The text notes that for price elasticity (and not for cross elasticity) that it is common practice to state the price elasticity of demand as a positive number. However when going through Qbank, they are saying the correct answer has a negative sign. Has anyone else noticed this? How will they mark it on the exam? Do they want it as an absolute value or do they want the negative relationship expressed in the answer? Here’s an example of a question like those i found in Qbank: If the price of a candy bar increases from $0.50 to $0.55 and the quantity demanded decreases from 267 to 235, the price elasticity of demand is: Price elasticity of demand is calculated by dividing the percent change in quantity demanded by the percent change in price, using the average value of the variable in the computations. The percent change in quantity demanded is (235 - 267) / [(235 + 267) / 2] = -32/251 = -0.127 or -12.7%. The percent change in price is = (0.55 - 0.50) / [(0.55 + 0.50) / 2] = 0.05 / 0.525 = .095 or 9.5%. The price elasticity of demand is -12.7 / 9.5 = -1.34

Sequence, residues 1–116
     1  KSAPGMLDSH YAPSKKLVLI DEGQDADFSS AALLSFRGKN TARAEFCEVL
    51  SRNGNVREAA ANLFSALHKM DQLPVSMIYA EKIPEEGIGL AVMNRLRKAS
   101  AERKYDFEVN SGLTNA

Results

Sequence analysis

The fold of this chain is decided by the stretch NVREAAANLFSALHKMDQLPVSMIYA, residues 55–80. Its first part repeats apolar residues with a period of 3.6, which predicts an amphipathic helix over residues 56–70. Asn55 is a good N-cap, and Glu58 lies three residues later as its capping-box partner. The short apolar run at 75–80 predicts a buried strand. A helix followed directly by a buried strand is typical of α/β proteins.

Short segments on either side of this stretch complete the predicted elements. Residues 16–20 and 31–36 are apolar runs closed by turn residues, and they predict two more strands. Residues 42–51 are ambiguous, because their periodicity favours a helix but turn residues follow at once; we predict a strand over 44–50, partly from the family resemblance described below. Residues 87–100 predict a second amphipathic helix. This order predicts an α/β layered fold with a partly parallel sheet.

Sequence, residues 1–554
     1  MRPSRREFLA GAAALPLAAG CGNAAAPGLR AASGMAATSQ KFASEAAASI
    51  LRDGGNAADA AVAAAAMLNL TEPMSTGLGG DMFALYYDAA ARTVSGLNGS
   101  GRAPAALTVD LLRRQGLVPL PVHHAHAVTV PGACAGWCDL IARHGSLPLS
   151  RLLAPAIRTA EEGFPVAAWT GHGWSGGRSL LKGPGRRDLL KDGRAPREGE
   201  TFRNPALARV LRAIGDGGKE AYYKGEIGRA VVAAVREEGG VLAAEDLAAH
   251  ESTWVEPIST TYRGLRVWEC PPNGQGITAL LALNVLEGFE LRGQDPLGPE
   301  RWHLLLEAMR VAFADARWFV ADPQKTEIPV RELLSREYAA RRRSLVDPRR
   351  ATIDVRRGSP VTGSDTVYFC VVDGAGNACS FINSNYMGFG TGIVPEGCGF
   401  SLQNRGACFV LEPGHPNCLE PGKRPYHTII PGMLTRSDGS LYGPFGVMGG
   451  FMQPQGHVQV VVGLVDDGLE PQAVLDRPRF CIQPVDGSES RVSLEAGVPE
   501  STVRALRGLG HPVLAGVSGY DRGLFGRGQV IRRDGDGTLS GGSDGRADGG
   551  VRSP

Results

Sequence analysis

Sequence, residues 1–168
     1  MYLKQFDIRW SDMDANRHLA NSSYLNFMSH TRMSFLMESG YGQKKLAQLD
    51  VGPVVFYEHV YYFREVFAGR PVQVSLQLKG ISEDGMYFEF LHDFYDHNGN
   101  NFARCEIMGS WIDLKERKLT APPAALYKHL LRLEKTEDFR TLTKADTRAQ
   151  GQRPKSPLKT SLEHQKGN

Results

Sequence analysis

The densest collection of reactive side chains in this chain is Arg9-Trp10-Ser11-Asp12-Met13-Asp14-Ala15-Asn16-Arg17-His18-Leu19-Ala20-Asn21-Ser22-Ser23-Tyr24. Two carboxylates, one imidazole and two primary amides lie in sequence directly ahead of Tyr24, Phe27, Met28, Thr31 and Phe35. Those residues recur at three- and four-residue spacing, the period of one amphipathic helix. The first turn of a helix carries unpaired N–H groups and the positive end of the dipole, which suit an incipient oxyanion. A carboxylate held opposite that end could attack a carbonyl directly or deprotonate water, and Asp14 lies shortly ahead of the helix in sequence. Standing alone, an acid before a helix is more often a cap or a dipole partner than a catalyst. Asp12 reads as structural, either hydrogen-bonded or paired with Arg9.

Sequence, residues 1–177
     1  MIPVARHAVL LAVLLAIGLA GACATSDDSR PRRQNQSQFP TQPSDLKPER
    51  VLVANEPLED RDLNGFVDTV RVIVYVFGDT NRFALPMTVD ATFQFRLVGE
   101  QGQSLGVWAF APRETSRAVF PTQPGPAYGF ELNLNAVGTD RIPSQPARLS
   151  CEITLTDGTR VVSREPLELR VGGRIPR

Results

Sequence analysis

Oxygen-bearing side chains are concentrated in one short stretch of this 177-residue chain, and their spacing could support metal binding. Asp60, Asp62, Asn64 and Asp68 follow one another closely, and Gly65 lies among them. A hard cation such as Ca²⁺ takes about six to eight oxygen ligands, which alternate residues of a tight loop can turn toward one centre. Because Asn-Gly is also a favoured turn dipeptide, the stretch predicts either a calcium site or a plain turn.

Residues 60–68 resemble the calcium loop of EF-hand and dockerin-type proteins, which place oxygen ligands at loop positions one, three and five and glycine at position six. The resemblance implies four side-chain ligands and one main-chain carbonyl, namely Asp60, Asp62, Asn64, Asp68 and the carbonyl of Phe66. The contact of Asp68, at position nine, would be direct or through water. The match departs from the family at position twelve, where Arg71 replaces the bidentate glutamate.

the computations will always yield a negative numbers since all rational markets face a downward sloping demand curve, and by convention when an economist is talking about price elasticities an ABS value is commonly used. Typically though exam questions will have either all + or all - numbers and you should focus on calculating the correct number (this ofcourse is not true for cross elasticity questions where the sign is meaningful).
so i don’t have to worry that the exam will have the same answer in both positive and negative? And if it did, which would i answer?